The House That Jack Built

The House That Jack Built ★★★

“Nobody wants to help.”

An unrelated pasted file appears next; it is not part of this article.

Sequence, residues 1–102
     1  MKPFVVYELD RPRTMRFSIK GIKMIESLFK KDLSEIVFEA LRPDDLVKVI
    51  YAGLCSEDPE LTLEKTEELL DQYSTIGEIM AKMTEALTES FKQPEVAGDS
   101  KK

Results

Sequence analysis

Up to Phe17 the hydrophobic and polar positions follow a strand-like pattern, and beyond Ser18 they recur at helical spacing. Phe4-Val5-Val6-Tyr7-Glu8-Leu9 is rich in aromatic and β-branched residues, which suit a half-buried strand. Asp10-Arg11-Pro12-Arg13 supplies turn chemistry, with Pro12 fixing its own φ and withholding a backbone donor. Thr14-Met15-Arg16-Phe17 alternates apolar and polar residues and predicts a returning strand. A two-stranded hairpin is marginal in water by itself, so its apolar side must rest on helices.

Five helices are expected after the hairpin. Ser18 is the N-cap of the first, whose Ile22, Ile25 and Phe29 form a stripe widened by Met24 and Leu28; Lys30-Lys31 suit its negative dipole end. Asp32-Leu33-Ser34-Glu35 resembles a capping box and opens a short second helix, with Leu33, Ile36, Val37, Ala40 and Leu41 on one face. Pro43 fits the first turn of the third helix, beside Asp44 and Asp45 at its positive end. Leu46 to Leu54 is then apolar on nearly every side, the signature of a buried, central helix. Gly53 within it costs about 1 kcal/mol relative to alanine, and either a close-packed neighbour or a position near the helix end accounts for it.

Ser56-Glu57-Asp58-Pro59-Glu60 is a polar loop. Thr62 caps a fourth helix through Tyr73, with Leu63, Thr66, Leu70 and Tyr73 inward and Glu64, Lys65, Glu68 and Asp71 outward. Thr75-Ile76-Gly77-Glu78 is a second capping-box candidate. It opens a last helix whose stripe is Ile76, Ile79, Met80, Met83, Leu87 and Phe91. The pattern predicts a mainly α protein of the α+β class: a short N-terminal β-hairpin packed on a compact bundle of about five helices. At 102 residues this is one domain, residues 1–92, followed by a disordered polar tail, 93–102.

An unnatural work of self-critique from the notorious provocateur. Like thin sheets of paper declaring hellish concepts. The acts of murder serving as metaphors, with Lars von Trier demonstrating his own body of work meanwhile questioning himself about the ridiculousness of his narcissistic transgressions. Conflicting voices stirring in a man’s mind, reveling in philosophical ramblings about heaven and hell, architecture and engineering, artistic merits and atrocities committed. The House That Jack Built is an accumulation of an artist’s crippling frustrations and how he cannot find a way out of his personal inferno. Tactlessness; blunt sadism in von Trier’s executions swings a jack right at your face, leaving you bleeding in agony for no reason. Come aboard a slow train that takes us through the human’s psyche, moving from many abhorrent killings to off-kilter hilarity, to self-indulging conversations to the blank-slated killer breaking down in fuming vexation, because his artwork did not go as planned. The lack of empathy in the protagonist, who is astonishingly played by Matt Dillon, left me wonder if I do actually care about him or von Trier. But when he does let go of what keeps him alive, I think I was moved?

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